Q: Why was the Centre originally created?

A: The Centre opened in 1952 with the intention to educate lay leadership within the United Church in British Columbia and Alberta. It is managed, operated and its property held by an incorporated society, The Naramata Centre Society.

Q: When, why and how did BC Conference get involved in the Centre?

A: The Centre at Naramata was started by members of BC Conference but from the start had a life of its own. Many of the ‘owners’ served by the Centre were from BC Conference, although likely half also came from Alberta and Northwest Conference. There were many shared projects over the years and a shared vision of the work before the church.

BC Conference made a large contribution to the capital campaign that helped build the new Orchard Court buildings. In late 2013, when the bank indicated it was planning to recall its loan to the Centre, BC Conference loaned the Centre $2.6 million so it could pay off all of its indebtedness and provide enough extra money to remain open for another year. The hope was that it could inaugurate a new, sustainable business plan. 

Q: Who owns the property?

A: Unlike congregations where decisions are made by a governing board and property is held by trustees, the case for societies is usually that the property is held and managed by the governing board. This is the case at Naramata Centre. There is no separate Trustee Board. The property is held by the society and its board. If the society disbands, the property reverts to The United Church of Canada.

Q: What’s next for the Centre? Will the property be sold? What will happen to the buildings and the land?

A: No plans are yet in place for selling the property or disposing of the property. In the months ahead this will have to be determined. We will keep you in touch as decisions are made.

Q: What happens to the $2.6 million loan by BC Conference?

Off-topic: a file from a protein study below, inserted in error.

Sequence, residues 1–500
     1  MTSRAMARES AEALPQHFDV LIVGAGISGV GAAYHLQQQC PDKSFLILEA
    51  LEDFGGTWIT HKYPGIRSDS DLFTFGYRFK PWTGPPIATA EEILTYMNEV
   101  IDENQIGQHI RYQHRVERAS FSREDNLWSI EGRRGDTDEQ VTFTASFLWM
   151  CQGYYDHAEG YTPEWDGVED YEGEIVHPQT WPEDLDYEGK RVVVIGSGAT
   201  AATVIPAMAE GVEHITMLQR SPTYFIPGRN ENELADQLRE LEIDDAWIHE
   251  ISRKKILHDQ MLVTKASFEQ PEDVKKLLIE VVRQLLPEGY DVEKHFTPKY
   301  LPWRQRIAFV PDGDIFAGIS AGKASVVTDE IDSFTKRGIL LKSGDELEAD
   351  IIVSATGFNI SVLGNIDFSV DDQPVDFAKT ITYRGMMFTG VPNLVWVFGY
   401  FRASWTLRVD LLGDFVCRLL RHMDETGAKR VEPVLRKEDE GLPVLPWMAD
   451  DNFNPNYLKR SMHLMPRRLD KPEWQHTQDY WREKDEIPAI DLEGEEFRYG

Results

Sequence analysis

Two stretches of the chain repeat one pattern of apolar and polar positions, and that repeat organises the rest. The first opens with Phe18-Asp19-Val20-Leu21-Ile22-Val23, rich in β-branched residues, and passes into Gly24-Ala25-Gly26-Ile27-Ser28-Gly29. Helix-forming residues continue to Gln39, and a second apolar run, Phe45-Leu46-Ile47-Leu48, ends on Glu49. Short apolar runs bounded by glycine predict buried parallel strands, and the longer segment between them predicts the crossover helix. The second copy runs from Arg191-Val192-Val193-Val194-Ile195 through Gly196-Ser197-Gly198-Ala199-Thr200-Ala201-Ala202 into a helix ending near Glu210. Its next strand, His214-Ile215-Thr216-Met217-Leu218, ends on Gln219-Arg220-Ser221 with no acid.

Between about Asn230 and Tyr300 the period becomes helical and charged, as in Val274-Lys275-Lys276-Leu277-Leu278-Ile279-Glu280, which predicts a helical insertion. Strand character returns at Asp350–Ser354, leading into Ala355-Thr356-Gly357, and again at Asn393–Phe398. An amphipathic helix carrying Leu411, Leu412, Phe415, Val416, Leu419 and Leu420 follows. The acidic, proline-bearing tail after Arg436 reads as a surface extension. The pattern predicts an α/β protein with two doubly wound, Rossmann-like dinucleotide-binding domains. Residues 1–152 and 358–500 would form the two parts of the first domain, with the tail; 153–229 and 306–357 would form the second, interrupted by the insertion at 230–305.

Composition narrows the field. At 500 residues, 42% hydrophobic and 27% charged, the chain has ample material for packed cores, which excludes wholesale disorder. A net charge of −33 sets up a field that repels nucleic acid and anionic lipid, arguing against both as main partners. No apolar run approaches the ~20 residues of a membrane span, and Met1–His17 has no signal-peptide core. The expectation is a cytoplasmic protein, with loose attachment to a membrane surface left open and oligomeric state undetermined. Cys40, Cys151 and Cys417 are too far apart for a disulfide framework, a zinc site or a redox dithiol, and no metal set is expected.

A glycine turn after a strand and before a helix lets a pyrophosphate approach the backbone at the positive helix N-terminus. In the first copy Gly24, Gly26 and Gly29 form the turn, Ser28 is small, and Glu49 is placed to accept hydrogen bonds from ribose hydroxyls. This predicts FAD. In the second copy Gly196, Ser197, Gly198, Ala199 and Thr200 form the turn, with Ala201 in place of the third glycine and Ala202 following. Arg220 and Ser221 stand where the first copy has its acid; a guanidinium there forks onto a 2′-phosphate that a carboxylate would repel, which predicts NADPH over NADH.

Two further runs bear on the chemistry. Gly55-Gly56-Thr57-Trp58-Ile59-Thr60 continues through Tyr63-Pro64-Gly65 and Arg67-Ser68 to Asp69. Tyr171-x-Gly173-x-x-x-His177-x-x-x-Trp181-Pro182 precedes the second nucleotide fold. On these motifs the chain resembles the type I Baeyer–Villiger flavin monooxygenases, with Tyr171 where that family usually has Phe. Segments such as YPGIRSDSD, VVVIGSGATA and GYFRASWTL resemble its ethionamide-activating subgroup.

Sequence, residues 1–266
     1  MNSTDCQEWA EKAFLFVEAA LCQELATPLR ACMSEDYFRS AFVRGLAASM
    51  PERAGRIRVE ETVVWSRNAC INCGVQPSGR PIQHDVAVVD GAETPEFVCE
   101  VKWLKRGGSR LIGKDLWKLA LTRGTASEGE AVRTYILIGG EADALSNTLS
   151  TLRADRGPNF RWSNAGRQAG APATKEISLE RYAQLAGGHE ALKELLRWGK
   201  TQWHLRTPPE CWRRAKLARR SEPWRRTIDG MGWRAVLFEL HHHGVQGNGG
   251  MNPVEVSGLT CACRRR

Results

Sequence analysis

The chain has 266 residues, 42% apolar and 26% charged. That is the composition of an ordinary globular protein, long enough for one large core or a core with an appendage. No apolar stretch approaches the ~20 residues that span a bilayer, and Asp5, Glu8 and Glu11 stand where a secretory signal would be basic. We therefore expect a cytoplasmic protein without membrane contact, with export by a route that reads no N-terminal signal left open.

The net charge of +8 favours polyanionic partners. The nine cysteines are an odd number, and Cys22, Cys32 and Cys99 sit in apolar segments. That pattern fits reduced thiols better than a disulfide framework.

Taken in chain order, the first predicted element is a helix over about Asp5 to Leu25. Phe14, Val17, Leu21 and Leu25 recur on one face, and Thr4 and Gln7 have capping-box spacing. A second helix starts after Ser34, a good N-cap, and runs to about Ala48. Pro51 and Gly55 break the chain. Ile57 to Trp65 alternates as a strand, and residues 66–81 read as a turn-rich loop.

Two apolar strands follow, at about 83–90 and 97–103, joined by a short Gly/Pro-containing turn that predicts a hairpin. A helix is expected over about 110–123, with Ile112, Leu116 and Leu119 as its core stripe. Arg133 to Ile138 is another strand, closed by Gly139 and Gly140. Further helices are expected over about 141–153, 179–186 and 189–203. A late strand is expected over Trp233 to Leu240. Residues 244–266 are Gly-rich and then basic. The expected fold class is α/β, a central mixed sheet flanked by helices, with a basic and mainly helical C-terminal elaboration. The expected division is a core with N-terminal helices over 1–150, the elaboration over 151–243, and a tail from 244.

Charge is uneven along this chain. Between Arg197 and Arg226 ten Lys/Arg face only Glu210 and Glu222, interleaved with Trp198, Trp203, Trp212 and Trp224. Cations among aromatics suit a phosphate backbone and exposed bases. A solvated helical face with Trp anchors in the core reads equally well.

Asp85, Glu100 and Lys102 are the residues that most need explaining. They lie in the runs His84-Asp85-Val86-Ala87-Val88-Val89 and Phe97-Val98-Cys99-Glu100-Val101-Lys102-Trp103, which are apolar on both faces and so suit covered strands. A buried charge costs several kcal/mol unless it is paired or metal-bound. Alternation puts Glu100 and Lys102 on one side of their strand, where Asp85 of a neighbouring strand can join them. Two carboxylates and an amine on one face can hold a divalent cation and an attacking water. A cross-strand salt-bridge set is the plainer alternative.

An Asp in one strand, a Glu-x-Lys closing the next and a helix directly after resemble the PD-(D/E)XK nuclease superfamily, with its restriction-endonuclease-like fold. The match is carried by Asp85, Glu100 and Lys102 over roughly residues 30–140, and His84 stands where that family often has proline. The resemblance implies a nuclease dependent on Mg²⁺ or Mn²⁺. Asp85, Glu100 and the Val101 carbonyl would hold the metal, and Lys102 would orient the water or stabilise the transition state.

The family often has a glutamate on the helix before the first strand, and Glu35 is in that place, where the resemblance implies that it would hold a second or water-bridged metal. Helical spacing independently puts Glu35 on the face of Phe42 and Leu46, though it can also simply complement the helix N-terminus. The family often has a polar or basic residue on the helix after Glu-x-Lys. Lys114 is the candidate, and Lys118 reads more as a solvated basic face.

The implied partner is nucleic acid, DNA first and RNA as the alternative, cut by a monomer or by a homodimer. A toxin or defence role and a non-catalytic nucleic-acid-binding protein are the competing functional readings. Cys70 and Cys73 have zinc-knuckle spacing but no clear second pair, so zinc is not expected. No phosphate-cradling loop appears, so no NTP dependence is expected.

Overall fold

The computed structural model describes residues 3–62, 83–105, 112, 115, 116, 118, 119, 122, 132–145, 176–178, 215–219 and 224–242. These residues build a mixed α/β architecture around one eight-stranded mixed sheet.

A: BC Conference anticipates that it will recover its loan in the future from income from the property, either through sale, lease or some other arrangement. 

Q: Where will all the groups go who use the Centre?

A: Groups presently using the Centre will have to find other places in order to fulfill their goals. 

Q: How will the work of the Centre (educating/training lay leaders) continue?

A: BC Conference is committed to the education of lay and ministry people. The Naramata Centre was a valuable and ground-breaking partner in this work for decades but we anticipate other partnerships and arrangements will be made as we move forward.

Q: Where can I ask questions and get further information?

A: We know that the questions and answers above are only a few of the ones already in your mind. We are anticipating that this webpage will be able to provide updates and information as things unfold. These are early days. Answers are few to the questions that we already know, and we know new questions will emerge almost daily. 

Please send questions and calls for action to BC Conference either by e-mail (reception@bc.united-church.ca) or by mail: c/o Doug Goodwin, 4383 Rumble Street, Burnaby, BC V5J 2A2.

Q: Where can I express myself on this topic, where decision-makers will hear me?

A: Recently, Facebook groups have been initiated by concerned owners. You may wish to join one or all of the following groups:

Please note: Although representatives of BC Conference are members of these Facebook groups, BC Conference will not respond to comments made there, due to the irregularities and inconsistencies of Facebook's algorithms and notification system. Please send all comments and calls for action to the BC Conference office via email or mail.

Q: How can I support the future of the Centre?

A: At the present time there is little that the Centre supporters can do but offer prayer for all those affected by this recent decision. And that will be important to do. As information is requested and shared, we will better understand what support is required.

Q: Can I visit the space still? Can I say goodbye to it?

A: As long as the Society owns the property, people can walk the site including visiting the beach and the labyrinth. However, the office, bookstore and all buildings, including the chapel, are closed and cannot be accessed. According to the Q&A document issued by the society, the Centre is planning a Closing Celebration for the near future. Standby for details.